Keep in mind that we can apply this to Externalizable as well. We just need to implement the read/write methods for every sub-class of the inheritance hierarchy.

Let’s look at the Region class below which extends our Country class from the previous section:

public class Region extends Country implements Externalizable {
    private static final long serialVersionUID = 1L;
    private String climate;
    private Double population;
    // getters, setters
    public void writeExternal(ObjectOutput out) throws IOException {
    public void readExternal(ObjectInput in) 
      throws IOException, ClassNotFoundException {
        this.climate = in.readUTF();

Here, we added two additional properties and serialized the first one.

Note that we also called super.writeExternal(out), super.readExternal(in) within serializer methods to save/restore the parent class fields as well.

Let’s run the unit test with the following data:

Region r = new Region();

Here’s the deserialized object:


Notice that since we didn’t serialize the population field in Region class, the value of that property is null.

3. Externalizable vs Serializable

Let’s go through the key differences between the two interfaces:

  • Serialization Responsibility

The key difference here is how we handle the serialization process. When a class implements the java.io.Serializable interface, the JVM takes full responsibility for serializing the class instance. In case of Externalizable, it’s the programmer who should take care of the whole serialization and also deserialization process.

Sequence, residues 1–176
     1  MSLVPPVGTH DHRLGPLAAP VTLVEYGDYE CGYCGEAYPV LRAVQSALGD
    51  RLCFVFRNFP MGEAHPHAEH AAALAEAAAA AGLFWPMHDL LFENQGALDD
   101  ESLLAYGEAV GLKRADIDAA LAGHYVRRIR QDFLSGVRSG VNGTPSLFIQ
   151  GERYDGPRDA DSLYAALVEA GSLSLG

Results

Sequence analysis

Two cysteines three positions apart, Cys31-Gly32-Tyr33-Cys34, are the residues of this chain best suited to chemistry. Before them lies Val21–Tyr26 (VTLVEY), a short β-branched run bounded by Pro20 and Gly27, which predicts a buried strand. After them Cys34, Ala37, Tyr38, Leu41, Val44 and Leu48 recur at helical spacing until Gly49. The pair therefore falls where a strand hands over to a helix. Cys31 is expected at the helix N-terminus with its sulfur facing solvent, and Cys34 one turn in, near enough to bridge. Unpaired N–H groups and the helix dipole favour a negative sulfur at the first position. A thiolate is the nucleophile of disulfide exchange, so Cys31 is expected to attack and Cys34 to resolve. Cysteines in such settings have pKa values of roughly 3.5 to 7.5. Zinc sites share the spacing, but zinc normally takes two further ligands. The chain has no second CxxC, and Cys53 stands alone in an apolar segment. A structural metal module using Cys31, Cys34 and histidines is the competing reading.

• Use Case

If we need to serialize the entire object, the Serializable interface is a better fit. On the other hand, for custom serialization, we can control the process using Externalizable.

  • Performance

The java.io.Serializable interface uses reflection and metadata which causes relatively slow performance. By comparison, the Externalizable interface gives you full control over the serialization process.

  • Reading Order

While using Externalizable, it’s mandatory to read all the field states in the exact order as they were written. Otherwise, we’ll get an exception.

For example, if we change the reading order of the code and name properties in the Country class, a java.io.EOFException will be thrown.

Meanwhile, the Serializable interface doesn’t have that requirement.

  • Custom Serialization

We can achieve custom serialization with the Serializable interface by marking the field with transient keyword. The JVM won’t serialize the particular field but it’ll add up the field to file storage with the default value. That’s why it’s a good practice to use Externalizable in case of custom serialization.

4. Conclusion

In this short guide to the Externalizable interface, we discussed the key features, advantages and demonstrated examples of simple use. We also made a comparison with the Serializable interface.

As usual, the full source code of the tutorial is available over on GitHub.

I just announced the new Spring 5 modules in REST With Spring: